Corporate responsibility leaders will have an increasingly prominent seat at the decision-making table in 2021, so we interviewed 50 such leaders – and 20 other stakeholders, including partners, investors, Board members and more – to identify what trends are changing their roles in 2021. We published findings in our new report: “Can Capitalism Lead a More Sustainable and Equitable Recovery?”
In this article, we share the top five insights from our research. In a follow up to be published tomorrow, we will share the seven most common investments corporate responsibility leaders will make this year.
A corporate social responsibility (CSR) leader of a global technology company recently shared with us that, “CSR leaders need to pat themselves on the back for encouraging the growth of this role, but now we need to work even harder to take advantage of the opportunity for the CSR profession that has risen on account of the crises of 2020.”
CSR is not only about volunteering, community grants or raising money. It is about making your company more responsible at its core. B-Lab provides a great framework for responsible business practices by focussing on these five areas:
Governance: Ensuring that a company’s legal policies account for sustainability, equity, and a higher purpose – such as adding ESG (environmental, social and governance) metrics to board-level accountability.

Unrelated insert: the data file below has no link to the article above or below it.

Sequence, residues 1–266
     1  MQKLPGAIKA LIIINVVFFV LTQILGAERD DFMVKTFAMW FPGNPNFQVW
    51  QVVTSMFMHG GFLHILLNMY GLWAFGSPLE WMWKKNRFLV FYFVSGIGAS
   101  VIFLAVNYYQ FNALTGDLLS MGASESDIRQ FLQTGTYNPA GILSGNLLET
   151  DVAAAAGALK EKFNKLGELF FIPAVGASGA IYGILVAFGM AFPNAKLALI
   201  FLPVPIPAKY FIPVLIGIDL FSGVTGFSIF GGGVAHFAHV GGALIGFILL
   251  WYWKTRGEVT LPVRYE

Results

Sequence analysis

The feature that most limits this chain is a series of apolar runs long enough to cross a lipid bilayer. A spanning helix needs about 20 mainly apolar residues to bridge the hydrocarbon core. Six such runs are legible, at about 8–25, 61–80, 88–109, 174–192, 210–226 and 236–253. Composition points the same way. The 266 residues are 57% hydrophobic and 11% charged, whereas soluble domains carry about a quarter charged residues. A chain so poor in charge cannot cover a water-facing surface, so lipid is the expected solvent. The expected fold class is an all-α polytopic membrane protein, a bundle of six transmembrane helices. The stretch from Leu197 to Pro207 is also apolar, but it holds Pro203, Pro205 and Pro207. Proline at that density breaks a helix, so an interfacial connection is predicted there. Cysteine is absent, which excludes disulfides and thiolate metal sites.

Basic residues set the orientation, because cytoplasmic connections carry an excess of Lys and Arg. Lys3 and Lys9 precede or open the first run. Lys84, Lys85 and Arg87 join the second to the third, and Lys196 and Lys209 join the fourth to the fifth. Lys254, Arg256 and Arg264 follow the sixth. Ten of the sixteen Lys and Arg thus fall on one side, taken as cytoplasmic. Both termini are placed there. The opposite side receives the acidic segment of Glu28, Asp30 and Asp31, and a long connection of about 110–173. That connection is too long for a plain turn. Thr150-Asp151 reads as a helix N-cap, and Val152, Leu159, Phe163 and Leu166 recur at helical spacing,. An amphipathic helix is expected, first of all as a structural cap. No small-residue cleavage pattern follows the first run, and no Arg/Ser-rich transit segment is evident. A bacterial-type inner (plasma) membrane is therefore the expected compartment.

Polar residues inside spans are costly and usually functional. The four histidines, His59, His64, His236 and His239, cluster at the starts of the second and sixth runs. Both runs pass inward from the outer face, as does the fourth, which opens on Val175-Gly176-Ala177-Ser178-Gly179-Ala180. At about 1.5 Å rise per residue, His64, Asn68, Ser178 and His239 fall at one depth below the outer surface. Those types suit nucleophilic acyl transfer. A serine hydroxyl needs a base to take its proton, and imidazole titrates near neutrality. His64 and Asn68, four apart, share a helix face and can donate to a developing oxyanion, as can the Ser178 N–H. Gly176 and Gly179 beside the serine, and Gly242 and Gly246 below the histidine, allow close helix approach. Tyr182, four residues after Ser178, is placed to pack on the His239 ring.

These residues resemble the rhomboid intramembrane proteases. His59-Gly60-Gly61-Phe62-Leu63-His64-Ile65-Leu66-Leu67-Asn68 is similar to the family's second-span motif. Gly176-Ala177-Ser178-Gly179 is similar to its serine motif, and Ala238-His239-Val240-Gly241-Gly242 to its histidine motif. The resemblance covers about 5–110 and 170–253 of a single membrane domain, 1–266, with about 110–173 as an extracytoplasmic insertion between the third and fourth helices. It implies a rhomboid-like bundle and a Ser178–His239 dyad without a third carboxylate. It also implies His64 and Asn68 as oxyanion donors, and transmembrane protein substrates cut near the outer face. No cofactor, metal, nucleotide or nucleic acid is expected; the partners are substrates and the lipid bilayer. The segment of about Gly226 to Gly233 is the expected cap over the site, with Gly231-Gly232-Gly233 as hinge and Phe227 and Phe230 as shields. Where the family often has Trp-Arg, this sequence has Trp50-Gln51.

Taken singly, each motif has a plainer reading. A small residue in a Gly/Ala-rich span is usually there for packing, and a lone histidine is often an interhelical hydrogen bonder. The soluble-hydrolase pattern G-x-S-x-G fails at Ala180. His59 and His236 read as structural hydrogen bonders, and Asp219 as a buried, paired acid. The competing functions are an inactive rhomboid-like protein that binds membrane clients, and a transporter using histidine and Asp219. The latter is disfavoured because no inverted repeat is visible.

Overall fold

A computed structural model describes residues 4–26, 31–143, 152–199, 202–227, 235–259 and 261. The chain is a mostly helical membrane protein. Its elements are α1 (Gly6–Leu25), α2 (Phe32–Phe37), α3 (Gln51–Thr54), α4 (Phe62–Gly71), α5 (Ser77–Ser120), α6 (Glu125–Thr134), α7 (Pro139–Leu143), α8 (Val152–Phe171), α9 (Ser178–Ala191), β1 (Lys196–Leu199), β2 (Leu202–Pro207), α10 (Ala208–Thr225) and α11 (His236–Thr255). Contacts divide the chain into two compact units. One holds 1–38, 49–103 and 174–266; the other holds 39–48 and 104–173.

Workers: Taking care of employees, including a living wage, healthcare, equity, tackling discrimination, and more – investing in more strategic community-building initiatives in all sites where employees are based.
Community: Fostering community involvement and partnership, moving beyond donations and sporadic volunteering to meaningful partnerships – and investing in more strategic community-building initiatives in all sites where employees are based.
Environment: Accounting for all emissions and environmental degradation and working towards net-zero carbon and water – including adding public reporting to consumers and investors.
Customers: Ensuring products and services actually make a meaningful and positive impact on people and other stakeholders, which adds more layers of transparency in everything that is in the product.
Companies are missing out on the “biggest business opportunity” of our time and exposing themselves to notable risk by not integrating sustainability and equity into their core strategy.
Employees want to give more, volunteer more, and expect their companies to stand up for ethical and moral issues, which includes getting involved in politics. One CSR leader of a high-growth tech company said, “Like many companies, we have gone virtual and this has proven to be a great move. That said, we are very concerned about how we can build a strong corporate culture with limited face-to-face interaction. Engaging employees in social impact activities is a key part of both how we want to share our purpose and is also a very important recruiting tool.”